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Physiology (Bethesda). 2006 Dec;21:388-95.

What determines blood vessel structure? Genetic prespecification vs. hemodynamics.

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1INSERM U36, Paris, France.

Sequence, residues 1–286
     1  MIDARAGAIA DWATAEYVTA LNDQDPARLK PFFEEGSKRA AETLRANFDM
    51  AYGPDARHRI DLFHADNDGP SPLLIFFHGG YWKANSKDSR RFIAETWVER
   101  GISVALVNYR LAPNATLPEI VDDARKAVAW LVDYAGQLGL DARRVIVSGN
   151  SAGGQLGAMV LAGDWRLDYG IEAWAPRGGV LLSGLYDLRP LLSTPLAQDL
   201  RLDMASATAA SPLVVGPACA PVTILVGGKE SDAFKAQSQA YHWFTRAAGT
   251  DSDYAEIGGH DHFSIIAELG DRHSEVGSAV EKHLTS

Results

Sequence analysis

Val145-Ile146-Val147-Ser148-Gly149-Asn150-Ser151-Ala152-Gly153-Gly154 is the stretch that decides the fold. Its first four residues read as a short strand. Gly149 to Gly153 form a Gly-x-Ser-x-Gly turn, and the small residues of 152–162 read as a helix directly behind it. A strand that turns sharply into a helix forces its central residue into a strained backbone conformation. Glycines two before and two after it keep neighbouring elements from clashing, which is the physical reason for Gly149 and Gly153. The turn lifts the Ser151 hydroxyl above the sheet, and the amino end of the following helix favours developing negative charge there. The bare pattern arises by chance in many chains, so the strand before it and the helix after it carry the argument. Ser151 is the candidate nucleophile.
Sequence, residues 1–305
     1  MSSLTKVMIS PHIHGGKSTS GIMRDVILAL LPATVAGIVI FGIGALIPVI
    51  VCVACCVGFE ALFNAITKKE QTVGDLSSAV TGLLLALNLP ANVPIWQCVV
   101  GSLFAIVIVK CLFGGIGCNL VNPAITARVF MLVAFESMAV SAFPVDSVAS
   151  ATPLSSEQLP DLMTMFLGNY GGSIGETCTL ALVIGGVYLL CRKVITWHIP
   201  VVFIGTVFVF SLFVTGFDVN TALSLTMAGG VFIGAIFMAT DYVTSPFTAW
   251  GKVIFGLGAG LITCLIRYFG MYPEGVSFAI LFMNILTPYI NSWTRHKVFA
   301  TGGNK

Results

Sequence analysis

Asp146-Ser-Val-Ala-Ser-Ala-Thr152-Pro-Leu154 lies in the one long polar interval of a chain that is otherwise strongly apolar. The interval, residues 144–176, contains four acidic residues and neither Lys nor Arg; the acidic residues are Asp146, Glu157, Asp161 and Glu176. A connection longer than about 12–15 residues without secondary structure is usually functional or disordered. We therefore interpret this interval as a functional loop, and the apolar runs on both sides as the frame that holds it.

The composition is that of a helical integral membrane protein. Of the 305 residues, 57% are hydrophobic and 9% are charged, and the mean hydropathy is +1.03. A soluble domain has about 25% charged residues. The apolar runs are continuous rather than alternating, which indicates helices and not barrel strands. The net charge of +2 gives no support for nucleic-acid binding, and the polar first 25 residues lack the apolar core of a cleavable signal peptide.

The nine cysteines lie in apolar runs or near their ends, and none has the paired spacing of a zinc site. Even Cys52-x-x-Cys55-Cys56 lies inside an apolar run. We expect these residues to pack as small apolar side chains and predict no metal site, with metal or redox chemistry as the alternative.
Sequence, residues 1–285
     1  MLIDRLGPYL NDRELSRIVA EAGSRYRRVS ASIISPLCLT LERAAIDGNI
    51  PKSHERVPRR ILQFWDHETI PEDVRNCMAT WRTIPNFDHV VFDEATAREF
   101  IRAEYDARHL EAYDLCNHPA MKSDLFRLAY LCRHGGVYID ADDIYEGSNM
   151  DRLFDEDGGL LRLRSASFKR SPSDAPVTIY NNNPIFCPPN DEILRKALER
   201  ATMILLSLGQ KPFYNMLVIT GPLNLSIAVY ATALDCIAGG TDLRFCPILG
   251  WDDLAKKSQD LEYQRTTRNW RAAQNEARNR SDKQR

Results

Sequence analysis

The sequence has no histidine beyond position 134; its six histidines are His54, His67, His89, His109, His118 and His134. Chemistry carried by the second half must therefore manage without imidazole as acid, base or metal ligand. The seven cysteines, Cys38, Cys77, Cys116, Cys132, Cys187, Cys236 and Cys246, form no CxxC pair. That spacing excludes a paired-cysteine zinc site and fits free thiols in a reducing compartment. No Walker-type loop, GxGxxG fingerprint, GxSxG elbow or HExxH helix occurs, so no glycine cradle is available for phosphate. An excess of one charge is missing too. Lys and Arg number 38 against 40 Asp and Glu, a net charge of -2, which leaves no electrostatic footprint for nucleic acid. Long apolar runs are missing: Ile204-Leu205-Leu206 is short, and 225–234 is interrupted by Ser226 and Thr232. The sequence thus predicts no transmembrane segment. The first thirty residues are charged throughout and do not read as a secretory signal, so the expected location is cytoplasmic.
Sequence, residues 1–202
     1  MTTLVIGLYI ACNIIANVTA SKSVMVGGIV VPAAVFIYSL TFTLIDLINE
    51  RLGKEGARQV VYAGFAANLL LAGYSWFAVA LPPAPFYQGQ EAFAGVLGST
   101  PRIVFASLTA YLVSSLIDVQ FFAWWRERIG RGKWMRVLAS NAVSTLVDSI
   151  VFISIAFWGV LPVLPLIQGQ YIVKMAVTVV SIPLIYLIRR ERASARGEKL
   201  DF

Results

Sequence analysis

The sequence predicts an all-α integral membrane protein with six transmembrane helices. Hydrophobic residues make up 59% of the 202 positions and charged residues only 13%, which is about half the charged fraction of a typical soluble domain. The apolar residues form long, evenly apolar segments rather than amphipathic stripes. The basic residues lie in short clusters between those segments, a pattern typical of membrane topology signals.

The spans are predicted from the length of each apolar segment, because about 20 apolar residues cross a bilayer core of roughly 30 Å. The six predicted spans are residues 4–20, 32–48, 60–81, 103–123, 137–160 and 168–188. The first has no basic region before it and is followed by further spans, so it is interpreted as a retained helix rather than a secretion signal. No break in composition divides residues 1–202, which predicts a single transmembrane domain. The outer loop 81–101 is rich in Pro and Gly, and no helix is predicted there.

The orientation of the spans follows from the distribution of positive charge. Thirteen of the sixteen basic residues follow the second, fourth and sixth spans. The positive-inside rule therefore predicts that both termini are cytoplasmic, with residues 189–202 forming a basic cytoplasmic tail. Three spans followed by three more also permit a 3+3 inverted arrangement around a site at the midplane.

Vascular network remodeling, angiogenesis, and arteriogenesis play an important role in the pathophysiology of ischemic cardiovascular diseases and cancer. Based on recent studies of vascular network development in the embryo, several novel aspects to angiogenesis have been identified as crucial to generate a functional vascular network. These aspects include specification of arterial and venous identity in vessels and network patterning. In early embryogenesis, vessel identity and positioning are genetically hardwired and involve neural guidance genes expressed in the vascular system. We demonstrated that, during later stages of embryogenesis, blood flow plays a crucial role in regulating vessel identity and network remodeling. The flow-evoked remodeling process is dynamic and involves a high degree of vessel plasticity. The open question in the field is how genetically predetermined processes in vessel identity and patterning balance with the contribution of blood flow in shaping a functional vascular architecture. Although blood flow is essential, it remains unclear to what extent flow is able to act on the developing cardiovascular system. There is significant evidence that mechanical forces created by flowing blood are biologically active within the embryo and that the level of mechanical forces and the type of flow patterns present in the embryo are able to affect gene expression. Here, we highlight the pivotal role for blood flow and physical forces in shaping the cardiovascular system.

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